We run the rule over the venue for the first Test between New Zealand and England in Dunedin.
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Ends: Southern End, Northern End
Home Team: Otago
Test history: Four Tests (Two home wins, two draws)
Toss history: Three fielded first (one win, one loss, one draw), one batted first (one draw)
Forming part of the Logan Park, a multi-sport complex, University Oval became New Zealand's seventh Test venue when it hosted the Black Caps' clash with Bangladesh back in January 2008.
Built on reclaimed land that formally constituted an inlet of the Otago Harbour, the ground is a mixture of expansive grass banks, a historical grandstand and a modern media complex.
While the facilities themselves are of a high standard the playing surface has been called into question; a penchant for the production of sporting tracks and poor drainage has often led to criticism of the groundstaff.
While the ground is small and would hardly be considered for international status in other countries, it does at least have a proper turf wicket rather than the 'drop-ins' that frequent many of New Zealand's bigger stadia.
Its grandstand is also among the quainter you're likely to see, and hilly forests make for pleasant surrounds.
Last Time Out
The series opener in a three-match affair the Proteas would eventually clinch promised plenty of competition, only for the track to even out and the weather to have the final say.
The Proteas were rolled for an unspectacular 238 in their first innings, to which New Zelaand replied with 273 - for a modest lead. The tourists later declared on 435 for five - thanks to three centurions, but the inclement weather never allowed more than 137 for two from the Kiwis' second dig.
Both sides played a specialist spinner, though neither made a significant impact. Instead, swing bowlers took preference.
Happy Hunting Ground
With Chris Martin out of favour and Daniel Vettori injured, Doug Bracewell's record of five wickets in one match here - at an average of 24.40 - is as good as it gets for New Zealand's current attack.
Ross Taylor and Brendon McCullum, meanwhile, lead the batting ranks - with averages of 65.00 and 43.20 respectively. The latter has played in all four Test matches hosted at this ground.
England have never played Test cricket at the University Oval, though Steven Finn sports knowledge of the ground after his 2012 stint with Otago.
"It's a taste of home, I suppose - cold and wet. We have to adapt to the conditions. But I hope if there's a bit of weather around, it will nip around for the seamers." - England fast bowler Steven Finn.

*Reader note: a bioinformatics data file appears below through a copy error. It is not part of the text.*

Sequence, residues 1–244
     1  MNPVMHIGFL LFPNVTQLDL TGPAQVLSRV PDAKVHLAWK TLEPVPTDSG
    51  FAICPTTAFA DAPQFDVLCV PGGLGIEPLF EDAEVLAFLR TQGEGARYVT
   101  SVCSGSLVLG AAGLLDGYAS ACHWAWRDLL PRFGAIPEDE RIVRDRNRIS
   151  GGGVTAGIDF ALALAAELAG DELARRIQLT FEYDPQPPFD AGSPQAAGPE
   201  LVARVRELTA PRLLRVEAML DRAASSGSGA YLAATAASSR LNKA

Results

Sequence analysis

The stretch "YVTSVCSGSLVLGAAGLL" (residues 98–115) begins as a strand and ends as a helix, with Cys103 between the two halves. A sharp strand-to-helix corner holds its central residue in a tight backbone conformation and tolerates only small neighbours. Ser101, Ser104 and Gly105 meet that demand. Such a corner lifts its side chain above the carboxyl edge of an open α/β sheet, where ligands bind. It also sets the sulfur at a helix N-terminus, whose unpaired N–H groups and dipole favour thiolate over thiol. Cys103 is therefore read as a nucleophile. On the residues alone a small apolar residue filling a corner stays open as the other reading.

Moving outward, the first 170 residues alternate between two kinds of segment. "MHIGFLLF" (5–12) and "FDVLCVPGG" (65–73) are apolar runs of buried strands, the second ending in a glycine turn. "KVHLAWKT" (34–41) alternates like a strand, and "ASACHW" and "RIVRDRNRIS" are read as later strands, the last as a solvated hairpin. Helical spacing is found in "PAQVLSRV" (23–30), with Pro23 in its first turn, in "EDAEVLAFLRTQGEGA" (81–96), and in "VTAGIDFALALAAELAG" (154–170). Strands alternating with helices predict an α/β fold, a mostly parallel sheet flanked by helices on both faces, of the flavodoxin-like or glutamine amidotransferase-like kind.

"We expected this, so that's why we declared when we did yesterday. We were hoping to have a bit of a go at them. We were aiming for about four or five down with a second new ball around the corner, then I think we would have been in with a shot." - South African captain Graeme Smith acknowledges the fickle weather last year.
"The pitch was pretty flat, so I don't want to get too carried away, but you can only play on what wicket you're on. I'll take it as a pass mark." - former New Zealand skipper Ross Taylor in 2012.
"The wicket here is normally pretty good, it's just the overhead conditions that dictate what it's going to be like more than anything. I think in the past if it's been cloudy then the ball has swung, and you talk to the Otago guys and they say it's a completely different wicket depending on the overhead conditions." - former Black Caps captain Daniel Vettori, too, last year.
"It has to be appreciated that this ground is the old Pelichet Bay, so it is reclaimed land. When you get that amount of rainfall, you get to a point where you can clear off the surface moisture but by trying to get more out you only end up dragging more up." - Otago Cricket Association chief executive Ross Dykes defends the groundstaff and facilities after the 2008 Test against West Indies was abandoned.
Showers are predicted for Wednesday, Friday and Saturday - days one, three and four of this Test - but otherwise the forecast is decent. It's going to be chilly, though, with the mercury rarely rising to 20 degrees Celsius and generally hovering closer to 15.
Going into this series, New Zealand have been faced with a dilemma. Should they aim for a lively green wicket to aid their own seamer strength and hope to win the toss, or should they ask for a slower pitch to give their batsmen a better chance against an English attack that generally got the better of the hosts in the one-dayers.
In 2012, it appeared that the pragmatic approach had been taken. The majority of the grass, of which there wasn't a huge amount, was brown rather than green, and it proved a good, even batting wicket.
But as Vettori said last year, looking up is likely to give a better indication than looking down, and the forecast suggests that there should be a fair amount of cloud cover and moisture about. New Zealand's decision to bowl first 12 months ago was certainly justified.
There might not be a great deal of nip off the pitch, but swing bowlers are likely to hold the key to a result and the toss could be crucial with a bit of rain and moisture about on the first day - as Finn will attest to.